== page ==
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Integrative Approach to Menopause
December 16, 2020
The Integrative Health and Wellbeing Program at NewYork-Presbyterian, in collaboration with Weill Cornell Medicine, offers customized, evidence-based care to patients who may not find relief in a more “typical” medical setting, explains Jillian Cohen, MD, fellowship director, clinical fellowship in Integrative Medicine and assistant professor of medicine, Weill Cornell Medicine.
Here Dr. Cohen discusses how WCM’s integrative healthcare options to promote overall wellbeing.
What exactly is the integrative approach to menopause, as it applies to care for Weill Cornell patients? What services and issues does it address?
The integrative approach to menopause is the same as the integrative approach for all conditions: to fully evaluate what may be out of balance in a patient’s lifestyle, and to try to rectify that and offer solutions. We help inform and empower the patient to understand enough to take control of their health and take steps to rectifying the imbalance.
Sometimes we can help patients achieve that through mind-body exercises, herbs or supplements, dietary and nutritional changes, and sometimes we will utilize conventional medical approaches.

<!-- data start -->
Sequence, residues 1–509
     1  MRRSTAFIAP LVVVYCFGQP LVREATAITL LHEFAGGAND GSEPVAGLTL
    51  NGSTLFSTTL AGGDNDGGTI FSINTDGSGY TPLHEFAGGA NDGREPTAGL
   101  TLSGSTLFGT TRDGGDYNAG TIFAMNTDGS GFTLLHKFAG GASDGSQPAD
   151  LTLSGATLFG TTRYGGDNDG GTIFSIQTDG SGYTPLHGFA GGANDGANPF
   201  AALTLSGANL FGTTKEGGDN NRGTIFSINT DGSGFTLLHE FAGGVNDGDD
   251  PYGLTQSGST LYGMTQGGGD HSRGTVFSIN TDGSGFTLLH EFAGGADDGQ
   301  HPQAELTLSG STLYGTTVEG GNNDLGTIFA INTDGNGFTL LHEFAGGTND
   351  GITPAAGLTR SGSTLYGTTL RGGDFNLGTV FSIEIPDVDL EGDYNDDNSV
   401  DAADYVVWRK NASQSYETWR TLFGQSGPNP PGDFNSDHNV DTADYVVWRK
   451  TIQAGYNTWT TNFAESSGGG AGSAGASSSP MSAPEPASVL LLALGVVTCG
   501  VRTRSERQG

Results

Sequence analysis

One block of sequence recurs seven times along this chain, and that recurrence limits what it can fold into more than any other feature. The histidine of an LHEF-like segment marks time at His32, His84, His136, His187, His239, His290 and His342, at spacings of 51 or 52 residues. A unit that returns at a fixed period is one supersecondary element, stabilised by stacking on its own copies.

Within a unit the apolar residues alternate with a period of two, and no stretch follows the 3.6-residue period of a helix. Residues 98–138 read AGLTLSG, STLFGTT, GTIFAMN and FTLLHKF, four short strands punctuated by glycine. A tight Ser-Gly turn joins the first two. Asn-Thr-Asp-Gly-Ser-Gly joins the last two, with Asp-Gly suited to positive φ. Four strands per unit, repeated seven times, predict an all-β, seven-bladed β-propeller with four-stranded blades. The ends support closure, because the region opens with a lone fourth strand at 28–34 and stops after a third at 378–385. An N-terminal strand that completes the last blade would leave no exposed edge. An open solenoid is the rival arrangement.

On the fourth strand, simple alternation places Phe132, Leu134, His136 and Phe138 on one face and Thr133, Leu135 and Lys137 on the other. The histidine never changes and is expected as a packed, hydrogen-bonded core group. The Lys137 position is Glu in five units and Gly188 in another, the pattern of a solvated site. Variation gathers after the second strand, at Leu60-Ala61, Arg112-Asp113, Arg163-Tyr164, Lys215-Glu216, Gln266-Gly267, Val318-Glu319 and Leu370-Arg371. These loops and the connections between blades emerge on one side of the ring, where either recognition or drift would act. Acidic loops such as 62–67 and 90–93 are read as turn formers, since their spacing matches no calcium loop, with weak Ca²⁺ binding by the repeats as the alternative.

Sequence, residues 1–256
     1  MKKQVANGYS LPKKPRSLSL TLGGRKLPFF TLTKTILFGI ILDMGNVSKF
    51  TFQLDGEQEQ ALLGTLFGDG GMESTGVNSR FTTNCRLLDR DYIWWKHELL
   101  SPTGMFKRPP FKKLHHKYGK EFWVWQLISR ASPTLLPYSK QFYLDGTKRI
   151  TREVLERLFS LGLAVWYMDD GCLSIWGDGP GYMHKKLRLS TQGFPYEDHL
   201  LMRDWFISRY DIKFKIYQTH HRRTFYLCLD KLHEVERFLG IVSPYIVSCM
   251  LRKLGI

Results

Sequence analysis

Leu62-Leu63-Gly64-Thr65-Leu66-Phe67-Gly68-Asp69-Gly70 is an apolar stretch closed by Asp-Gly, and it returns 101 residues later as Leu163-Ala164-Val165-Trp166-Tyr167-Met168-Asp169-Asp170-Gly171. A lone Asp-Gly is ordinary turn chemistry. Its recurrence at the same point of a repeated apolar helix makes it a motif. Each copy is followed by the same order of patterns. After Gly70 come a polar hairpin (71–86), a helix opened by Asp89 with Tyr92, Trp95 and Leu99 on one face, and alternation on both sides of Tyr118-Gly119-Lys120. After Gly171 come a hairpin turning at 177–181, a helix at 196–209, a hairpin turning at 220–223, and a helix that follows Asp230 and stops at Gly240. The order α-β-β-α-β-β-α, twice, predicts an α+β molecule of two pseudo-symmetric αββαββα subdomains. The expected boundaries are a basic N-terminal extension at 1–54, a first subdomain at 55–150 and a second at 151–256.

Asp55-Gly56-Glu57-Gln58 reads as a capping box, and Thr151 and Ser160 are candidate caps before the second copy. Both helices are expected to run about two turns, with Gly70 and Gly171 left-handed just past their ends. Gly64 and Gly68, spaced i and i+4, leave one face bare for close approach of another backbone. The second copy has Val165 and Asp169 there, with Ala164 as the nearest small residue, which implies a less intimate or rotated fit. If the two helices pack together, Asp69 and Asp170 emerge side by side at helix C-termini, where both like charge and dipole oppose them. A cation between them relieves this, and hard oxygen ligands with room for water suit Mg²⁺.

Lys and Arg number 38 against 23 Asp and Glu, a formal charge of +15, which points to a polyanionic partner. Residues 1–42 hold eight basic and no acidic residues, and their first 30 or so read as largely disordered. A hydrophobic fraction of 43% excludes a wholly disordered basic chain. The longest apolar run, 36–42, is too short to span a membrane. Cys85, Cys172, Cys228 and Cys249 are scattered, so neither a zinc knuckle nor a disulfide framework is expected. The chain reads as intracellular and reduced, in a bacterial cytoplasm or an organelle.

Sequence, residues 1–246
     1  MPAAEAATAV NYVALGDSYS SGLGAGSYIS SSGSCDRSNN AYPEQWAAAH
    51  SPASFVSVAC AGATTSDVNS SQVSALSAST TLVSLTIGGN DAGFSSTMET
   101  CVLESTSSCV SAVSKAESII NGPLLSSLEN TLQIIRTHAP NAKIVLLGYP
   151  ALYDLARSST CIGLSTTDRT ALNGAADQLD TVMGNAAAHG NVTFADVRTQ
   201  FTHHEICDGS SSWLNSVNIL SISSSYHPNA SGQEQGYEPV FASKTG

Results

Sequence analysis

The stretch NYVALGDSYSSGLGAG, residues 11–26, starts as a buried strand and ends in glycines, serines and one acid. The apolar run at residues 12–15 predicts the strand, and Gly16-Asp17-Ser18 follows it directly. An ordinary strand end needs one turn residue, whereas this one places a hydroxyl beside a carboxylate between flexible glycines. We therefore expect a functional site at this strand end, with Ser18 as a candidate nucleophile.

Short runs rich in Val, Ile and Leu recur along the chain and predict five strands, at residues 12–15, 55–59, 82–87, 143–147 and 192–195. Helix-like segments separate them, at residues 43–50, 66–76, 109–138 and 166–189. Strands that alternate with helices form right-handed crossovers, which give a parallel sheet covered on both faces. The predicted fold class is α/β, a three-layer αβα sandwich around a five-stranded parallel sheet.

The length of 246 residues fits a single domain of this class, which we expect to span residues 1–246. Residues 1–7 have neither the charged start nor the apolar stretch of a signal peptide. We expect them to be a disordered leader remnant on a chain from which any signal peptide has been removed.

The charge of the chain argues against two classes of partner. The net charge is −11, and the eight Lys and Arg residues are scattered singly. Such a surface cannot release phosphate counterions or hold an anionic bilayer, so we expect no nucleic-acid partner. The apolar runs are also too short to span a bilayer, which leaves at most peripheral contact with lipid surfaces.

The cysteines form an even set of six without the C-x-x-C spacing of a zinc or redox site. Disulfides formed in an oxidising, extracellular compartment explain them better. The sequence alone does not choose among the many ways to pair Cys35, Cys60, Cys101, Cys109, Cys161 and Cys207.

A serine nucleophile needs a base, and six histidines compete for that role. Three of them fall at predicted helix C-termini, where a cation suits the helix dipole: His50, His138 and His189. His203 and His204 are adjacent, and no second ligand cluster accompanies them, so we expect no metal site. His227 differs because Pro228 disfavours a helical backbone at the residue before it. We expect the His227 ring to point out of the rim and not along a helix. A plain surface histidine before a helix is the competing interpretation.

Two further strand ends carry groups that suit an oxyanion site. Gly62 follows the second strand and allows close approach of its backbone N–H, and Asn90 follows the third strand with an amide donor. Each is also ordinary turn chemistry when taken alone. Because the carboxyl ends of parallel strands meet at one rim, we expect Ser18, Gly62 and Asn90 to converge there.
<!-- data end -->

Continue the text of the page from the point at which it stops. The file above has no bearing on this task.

Hot flashes are a good example of a symptom that lends itself well to a few possible integrative approaches.
A well-studied herb called black cohosh can sometimes ease symptoms. It works by maintaining hormone levels, as hot flashes often are brought on by fluctuations in hormone levels--but it’s not recommended for everyone.
Meditation and hypnosis also are well studied and effective treatments for hot flashes, working on the mind-body aspect to change stress levels. Nutrition and vitamin levels also may have a role to play in hot flashes, and sometimes patients undergo acupuncture and perhaps other traditional Chinese medical approaches to find relief.
When should patients visit the center for relief—is there an optimal time?
Patients often patients wait until symptoms begin-- sometimes as long as six months to a year the onset. But we recommend coming to us before then, if possible.
Why is personalized medical care so important, particularly for women approaching and/or experiencing menopause?
From our perspective, not all patients experience menopausal symptoms for the same reason or in the same way. People have different physiological constitutions, so we rely on a comprehensive approach to assess each patient individually to see how best we can help.
We take a very comprehensive medical history, a close look at diet and nutrition, lifestyle, physical activity, stress levels, and even relationships. We also use the electronic medical record to make sure that we share applicable notes to other WCM providers, and contact them to discuss a patient’s status when necessary.